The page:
The Cambridge Companion to Heidegger's 'Being and Time'

Overview

The Cambridge Companion to Heidegger's “Being and Time” contains seventeen chapters by leading scholars of Heidegger. It is a useful reference work for beginning students, but also explores the central themes of Being and Time with a depth that will be of interest to scholars. The Companion begins with a section-by-section overview of Being and Time and a chapter reviewing the genesis of this seminal work. The final chapter situates Being and Time in the context of Heidegger's later work. The remaining chapters ...
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The Cambridge Companion to Heidegger's 'Being and Time'

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Overview

The Cambridge Companion to Heidegger's “Being and Time” contains seventeen chapters by leading scholars of Heidegger. It is a useful reference work for beginning students, but also explores the central themes of Being and Time with a depth that will be of interest to scholars. The Companion begins with a section-by-section overview of Being and Time and a chapter reviewing the genesis of this seminal work. The final chapter situates Being and Time in the context of Heidegger's later work. The remaining chapters examine the core issues of Being and Time, including the question of being, the phenomenology of space, the nature of human being (our relation to others, the importance of moods, the nature of human understanding, language), Heidegger's views on idealism and realism and his position on skepticism and truth, Heidegger's account of authenticity (with a focus on his views on freedom, being toward death, and resoluteness), and the nature of temporality and human historicality.
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Editorial Reviews

From the Publisher
“The Cambridge Companion to Heidegger’s ‘Being and Time’ is a welcome addition to the growing body of literature that treats Heidegger as a philosopher with whom it is possible to argue. The essays provide a wonderful introduction to central issues in Heidegger’s magnum opus, each making a substantial philosophical contribution of its own.”
– Steven Crowell, Rice University

“This collection is a thorough, wide-ranging, and rigorous survey of the current state of play in Anglo-American Heidegger scholarship, and a sustained argumentative contribution to its advancement.”
– Stephen Mulhall, New College, Oxford University

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Product Details

  • ISBN-13: 9780521720564
  • Publisher: Cambridge University Press
  • Publication date: 8/31/2013
  • Series: Cambridge Companions to Philosophy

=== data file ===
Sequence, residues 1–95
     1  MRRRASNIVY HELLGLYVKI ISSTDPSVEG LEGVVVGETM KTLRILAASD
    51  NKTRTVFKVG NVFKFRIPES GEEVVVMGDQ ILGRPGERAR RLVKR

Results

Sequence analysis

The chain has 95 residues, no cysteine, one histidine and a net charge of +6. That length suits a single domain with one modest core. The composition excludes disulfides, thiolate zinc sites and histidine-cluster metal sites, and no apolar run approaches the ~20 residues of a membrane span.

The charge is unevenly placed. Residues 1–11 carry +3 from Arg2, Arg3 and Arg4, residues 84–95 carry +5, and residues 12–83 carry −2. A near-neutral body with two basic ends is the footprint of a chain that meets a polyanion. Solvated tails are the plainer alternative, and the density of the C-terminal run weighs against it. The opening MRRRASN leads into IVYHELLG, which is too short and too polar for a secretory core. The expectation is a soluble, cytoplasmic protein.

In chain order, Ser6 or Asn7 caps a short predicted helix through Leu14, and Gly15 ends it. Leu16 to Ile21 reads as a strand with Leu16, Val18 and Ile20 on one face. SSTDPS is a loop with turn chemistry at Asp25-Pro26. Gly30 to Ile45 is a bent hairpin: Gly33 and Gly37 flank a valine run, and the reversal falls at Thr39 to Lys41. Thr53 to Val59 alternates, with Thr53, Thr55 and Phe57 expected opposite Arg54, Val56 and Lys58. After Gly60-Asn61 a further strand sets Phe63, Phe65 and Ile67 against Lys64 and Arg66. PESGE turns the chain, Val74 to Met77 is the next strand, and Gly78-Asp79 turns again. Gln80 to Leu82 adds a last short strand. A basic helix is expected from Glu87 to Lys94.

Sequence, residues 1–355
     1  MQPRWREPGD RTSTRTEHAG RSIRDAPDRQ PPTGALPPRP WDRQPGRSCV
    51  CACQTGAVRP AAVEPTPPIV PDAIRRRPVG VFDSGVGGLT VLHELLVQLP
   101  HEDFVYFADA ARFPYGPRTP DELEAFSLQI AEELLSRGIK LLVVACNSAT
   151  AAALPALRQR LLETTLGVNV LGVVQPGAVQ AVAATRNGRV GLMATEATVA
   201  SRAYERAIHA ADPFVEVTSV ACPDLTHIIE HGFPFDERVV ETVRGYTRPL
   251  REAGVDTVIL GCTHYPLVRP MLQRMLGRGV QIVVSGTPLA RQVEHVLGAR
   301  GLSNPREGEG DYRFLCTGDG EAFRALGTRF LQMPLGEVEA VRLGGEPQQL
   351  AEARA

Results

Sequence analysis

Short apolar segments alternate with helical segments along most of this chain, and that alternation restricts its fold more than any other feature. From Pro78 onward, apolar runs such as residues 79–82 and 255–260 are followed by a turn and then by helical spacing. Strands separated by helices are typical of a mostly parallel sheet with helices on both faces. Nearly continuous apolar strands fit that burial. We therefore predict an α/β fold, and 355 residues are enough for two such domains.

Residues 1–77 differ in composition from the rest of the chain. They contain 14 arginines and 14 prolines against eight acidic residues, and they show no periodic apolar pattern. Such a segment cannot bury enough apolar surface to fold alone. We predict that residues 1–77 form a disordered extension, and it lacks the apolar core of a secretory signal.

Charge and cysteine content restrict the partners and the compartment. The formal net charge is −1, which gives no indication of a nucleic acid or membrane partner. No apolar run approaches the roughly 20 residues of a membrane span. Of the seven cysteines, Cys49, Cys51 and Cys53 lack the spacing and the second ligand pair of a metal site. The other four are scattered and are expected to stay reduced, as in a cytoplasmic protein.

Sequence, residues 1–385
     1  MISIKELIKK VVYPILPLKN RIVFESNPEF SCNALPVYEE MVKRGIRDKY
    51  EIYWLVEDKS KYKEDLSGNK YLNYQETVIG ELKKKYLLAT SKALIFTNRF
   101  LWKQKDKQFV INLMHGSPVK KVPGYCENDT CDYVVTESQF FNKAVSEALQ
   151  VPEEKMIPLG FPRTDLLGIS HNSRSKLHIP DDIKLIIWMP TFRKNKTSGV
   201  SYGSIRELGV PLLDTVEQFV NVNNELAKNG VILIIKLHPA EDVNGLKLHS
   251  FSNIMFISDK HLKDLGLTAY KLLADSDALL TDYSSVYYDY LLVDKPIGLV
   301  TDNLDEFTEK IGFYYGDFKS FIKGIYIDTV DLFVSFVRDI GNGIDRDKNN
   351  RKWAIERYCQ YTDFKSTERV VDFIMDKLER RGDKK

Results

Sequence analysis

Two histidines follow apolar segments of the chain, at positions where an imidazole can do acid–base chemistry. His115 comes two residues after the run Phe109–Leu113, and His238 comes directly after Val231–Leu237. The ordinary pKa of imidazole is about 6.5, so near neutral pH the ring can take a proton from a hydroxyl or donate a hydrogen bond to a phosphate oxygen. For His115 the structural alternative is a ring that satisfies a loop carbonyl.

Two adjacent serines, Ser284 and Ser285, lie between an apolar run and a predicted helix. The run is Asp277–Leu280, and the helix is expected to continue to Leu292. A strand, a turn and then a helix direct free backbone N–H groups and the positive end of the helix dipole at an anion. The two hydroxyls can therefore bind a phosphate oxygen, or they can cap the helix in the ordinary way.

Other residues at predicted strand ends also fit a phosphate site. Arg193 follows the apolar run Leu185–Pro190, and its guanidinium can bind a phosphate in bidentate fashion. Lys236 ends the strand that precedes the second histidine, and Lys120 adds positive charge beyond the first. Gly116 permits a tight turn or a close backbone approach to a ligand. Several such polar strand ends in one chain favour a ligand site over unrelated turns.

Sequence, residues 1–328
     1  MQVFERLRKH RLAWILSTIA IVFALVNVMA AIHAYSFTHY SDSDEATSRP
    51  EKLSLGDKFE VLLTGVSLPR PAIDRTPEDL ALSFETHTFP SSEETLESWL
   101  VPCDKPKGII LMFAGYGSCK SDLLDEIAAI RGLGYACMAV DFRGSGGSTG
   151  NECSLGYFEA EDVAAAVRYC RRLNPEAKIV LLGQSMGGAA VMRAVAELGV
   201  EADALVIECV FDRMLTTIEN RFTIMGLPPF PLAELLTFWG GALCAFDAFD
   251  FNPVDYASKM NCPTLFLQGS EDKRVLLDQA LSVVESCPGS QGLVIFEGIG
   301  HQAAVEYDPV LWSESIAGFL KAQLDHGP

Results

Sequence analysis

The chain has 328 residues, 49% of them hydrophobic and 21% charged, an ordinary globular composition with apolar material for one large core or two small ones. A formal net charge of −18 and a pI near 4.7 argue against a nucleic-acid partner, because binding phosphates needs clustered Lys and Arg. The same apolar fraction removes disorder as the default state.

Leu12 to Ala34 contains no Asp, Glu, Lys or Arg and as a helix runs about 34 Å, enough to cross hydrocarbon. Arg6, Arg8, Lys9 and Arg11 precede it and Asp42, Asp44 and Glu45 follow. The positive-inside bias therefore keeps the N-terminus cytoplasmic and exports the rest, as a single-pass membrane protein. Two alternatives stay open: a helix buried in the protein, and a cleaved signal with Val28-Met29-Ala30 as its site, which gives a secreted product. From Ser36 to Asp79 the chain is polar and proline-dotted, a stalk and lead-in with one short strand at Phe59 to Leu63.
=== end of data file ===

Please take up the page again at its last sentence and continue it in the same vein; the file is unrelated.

• Pages: 452
  • Sales rank: 1,043,345
  • Product dimensions: 6.00 (w) x 8.90 (h) x 1.10 (d)

Meet the Author

Dr Mark A. Wrathall is Professor of Philosophy at the University of California, Riverside. He is the author of Heidegger and Unconcealment (Cambridge University Press, 2010) and How to Read Heidegger (2006). He has edited a number of collections, including A Companion to Heidegger (2007), A Companion to Phenomenology and Existentialism (2009), Religion after Metaphysics (2004) and Appropriating Heidegger (2008). Dr Wrathall has contributed chapters to The Cambridge Companion to Heidegger (2006) and The Cambridge Companion to Merleau-Ponty (2004), as well as numerous articles to peer-reviewed journals in philosophy. He has lectured at universities in Germany, China, Japan, Taiwan, the United Kingdom, Sweden and Finland.
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Table of Contents

1. An overview of Being and Time Mark A. Wrathall and Max Murphey; 2. Martin Heidegger's Being and Time: a carefully planned accident? Alfred Denker; 3. The question of being Taylor Carman; 4. The semantics of dasein and the modality of Being and Time Wayne Martin; 5. Heidegger on space and spatiality David R. Cerbone; 6. Being-with-others Hubert L. Dreyfus; 7. Why mood matters Matthew Ratcliffe; 8. Heidegger on human understanding Mark A. Wrathall; 9. Heidegger's pragmatic-existential theory of language and assertion Barbara Fultner; 10. The empire of signs: Heidegger's critique of idealism in Being and Time Peter E. Gordon; 11. Heidegger on scepticism, truth and falsehood Denis McManus; 12. Death and demise in Being and Time Iain Thomson; 13. Freedom and the choice to choose oneself in Being and Time Béatrice Han-Pile; 14. Authenticity and resoluteness William Blattner; 15. Temporality as the ontological sense of care Stephan Käufer; 16. Historical finitude Joseph K. Schear; 17. What if Heidegger were a phenomenologist? Thomas Sheehan.
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